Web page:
Silas Marner Questions and Answers
by George Eliot

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The author uses flashback in Silas Marner. Illustrate.

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George Eliot's use of flashback in Part I of Silas Marner allows the reader valuable insight into Silas Marner's history. This flashback is shown, or illustrated, by Eliot's use of phrases like "Marner's inward life had been a history" and "before he came to Raveloe" to introduce the story of Silas Marner's past.

Furthermore, Eliot uses a different form of the past tense called the past perfect in sentences that describe Marner's life before Raveloe, like this one:

It had seemed to the unsuspecting Silas that the friendship had suffered no chill even from his formation of another attachment of a closer kind.

The past perfect tense is used when an action completed or took place at some point in the past before something else happened, making it an ideal tense to use in the context of a flashback. Silas's life in Lantern Yard had taken place before his life in Raveloe began, after all.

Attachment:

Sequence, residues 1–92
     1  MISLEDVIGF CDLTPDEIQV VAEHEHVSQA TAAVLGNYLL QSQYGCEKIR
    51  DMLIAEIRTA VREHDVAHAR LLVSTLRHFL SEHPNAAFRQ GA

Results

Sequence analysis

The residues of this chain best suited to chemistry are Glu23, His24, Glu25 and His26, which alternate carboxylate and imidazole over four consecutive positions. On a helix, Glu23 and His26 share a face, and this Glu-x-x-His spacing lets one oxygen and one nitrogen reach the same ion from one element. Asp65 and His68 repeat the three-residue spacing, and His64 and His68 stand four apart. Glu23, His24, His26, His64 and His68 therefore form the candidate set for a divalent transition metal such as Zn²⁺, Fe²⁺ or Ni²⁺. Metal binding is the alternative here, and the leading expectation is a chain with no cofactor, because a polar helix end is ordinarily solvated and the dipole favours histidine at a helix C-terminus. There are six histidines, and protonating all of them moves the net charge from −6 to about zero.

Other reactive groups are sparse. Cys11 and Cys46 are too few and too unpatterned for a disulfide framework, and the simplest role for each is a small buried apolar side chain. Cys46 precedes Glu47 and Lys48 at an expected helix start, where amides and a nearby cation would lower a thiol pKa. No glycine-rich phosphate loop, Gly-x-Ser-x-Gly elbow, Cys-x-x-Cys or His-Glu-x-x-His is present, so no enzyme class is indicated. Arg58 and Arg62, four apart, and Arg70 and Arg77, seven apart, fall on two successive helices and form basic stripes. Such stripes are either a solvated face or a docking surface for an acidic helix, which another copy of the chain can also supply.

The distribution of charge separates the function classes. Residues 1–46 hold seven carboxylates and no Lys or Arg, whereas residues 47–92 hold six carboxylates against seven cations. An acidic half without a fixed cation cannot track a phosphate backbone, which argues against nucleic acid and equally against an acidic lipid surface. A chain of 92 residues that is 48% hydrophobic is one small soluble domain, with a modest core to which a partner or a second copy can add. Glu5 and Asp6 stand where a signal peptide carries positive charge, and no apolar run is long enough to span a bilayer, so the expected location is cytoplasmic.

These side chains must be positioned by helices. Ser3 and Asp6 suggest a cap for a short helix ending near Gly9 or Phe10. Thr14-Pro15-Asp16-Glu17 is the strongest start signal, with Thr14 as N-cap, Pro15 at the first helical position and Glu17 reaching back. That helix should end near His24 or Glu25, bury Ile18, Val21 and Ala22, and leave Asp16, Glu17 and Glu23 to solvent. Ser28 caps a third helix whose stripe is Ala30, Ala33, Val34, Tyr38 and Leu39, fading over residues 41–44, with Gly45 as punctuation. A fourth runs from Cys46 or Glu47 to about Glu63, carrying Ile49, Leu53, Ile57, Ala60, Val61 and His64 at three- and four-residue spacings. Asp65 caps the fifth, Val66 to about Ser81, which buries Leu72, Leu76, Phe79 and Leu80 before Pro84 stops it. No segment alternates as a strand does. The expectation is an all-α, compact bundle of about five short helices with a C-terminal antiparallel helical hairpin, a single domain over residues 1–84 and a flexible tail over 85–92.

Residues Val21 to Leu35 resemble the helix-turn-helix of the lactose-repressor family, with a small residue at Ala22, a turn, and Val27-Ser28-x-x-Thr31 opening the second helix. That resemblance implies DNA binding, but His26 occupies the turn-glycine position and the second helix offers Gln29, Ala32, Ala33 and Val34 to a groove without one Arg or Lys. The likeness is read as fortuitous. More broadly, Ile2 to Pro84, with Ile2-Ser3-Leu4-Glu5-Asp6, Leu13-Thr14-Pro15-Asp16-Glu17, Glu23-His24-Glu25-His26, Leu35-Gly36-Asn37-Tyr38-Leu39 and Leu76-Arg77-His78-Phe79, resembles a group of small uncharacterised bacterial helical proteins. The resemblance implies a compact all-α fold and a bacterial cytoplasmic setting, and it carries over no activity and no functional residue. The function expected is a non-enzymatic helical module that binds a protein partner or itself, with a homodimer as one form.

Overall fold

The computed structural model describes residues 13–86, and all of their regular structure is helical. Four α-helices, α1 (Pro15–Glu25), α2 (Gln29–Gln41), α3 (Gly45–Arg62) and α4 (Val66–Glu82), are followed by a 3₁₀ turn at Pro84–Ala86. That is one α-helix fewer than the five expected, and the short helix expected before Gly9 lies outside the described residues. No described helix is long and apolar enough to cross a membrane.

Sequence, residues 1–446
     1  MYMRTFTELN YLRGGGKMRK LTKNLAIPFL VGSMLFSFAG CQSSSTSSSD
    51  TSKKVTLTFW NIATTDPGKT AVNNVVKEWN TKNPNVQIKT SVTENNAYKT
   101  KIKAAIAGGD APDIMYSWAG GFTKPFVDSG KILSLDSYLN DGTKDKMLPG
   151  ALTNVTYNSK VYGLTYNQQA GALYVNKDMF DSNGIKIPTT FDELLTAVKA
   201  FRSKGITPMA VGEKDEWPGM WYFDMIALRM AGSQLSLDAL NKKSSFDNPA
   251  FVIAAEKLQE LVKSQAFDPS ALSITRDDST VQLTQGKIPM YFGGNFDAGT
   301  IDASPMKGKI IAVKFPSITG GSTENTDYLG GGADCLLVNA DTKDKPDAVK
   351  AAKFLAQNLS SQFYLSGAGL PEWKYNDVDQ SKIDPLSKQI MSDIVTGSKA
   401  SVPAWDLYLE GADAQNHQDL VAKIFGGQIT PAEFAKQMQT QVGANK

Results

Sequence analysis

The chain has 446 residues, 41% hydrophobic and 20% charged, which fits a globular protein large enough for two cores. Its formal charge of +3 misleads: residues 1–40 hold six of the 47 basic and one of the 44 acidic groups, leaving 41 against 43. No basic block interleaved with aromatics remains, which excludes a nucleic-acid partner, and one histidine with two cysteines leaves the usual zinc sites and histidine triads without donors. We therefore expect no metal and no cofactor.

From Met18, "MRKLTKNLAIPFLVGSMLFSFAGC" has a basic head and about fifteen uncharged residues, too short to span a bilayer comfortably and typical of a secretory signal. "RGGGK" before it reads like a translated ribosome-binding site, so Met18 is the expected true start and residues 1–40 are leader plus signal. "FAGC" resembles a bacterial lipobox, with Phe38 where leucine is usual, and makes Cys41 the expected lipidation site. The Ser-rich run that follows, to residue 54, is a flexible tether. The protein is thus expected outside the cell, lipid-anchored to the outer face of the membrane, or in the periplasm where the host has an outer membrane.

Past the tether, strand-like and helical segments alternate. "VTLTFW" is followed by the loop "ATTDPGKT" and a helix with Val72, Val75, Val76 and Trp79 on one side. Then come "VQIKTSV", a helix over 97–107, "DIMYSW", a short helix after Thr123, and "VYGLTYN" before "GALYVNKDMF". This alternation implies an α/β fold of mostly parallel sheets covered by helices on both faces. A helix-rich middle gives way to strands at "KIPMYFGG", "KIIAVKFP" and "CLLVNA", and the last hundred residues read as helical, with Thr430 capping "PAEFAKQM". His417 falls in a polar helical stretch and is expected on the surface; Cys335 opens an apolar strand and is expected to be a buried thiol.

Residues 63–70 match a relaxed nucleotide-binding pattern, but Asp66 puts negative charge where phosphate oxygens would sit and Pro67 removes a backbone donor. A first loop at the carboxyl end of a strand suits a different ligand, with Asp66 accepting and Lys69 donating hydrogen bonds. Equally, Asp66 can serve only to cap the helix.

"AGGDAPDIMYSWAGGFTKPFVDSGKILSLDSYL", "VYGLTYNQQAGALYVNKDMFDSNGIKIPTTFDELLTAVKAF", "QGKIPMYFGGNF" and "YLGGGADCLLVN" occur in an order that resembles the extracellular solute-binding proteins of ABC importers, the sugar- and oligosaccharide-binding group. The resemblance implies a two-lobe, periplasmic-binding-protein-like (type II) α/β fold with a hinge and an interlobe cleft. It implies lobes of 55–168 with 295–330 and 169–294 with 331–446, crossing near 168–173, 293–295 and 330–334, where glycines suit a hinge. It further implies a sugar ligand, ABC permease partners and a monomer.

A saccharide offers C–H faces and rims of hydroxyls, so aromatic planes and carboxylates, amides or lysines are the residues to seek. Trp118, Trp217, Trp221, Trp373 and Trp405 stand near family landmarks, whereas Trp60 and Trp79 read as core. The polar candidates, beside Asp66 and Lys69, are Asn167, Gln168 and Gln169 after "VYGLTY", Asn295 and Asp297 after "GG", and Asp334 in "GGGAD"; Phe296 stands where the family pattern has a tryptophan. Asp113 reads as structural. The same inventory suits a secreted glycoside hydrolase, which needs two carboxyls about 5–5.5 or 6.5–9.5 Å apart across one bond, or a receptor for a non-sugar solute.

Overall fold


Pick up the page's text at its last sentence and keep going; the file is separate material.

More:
Finally, the flashback ends tidily right at the end of chapter 1. This conclusion marks the finish of the memory and the end of this stage of Silas Marner's life:

. . . and not long afterwards it was known to the brethren in Lantern Yard that Silas Marner had departed from the town.

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George Eliot uses flashback in Part 1 of Silas Marner. After learning that Marner is a weaver and that he is an outsider in the town of Raveloe, Eliot flashes back 15 years to Marner's time in the town of Lantern Yard. She develops his life there, and how his best friend turned on him. This flashback serves two primary purposes. 1) it gives important expositional information that helps move the plot forward, and 2) it gives psychological insight into Marner's current state. Both of these goals are enhanced by placing the information in a flashback. Knowing what Marner becomes makes the audience feel more deeply when Marner is betrayed. 

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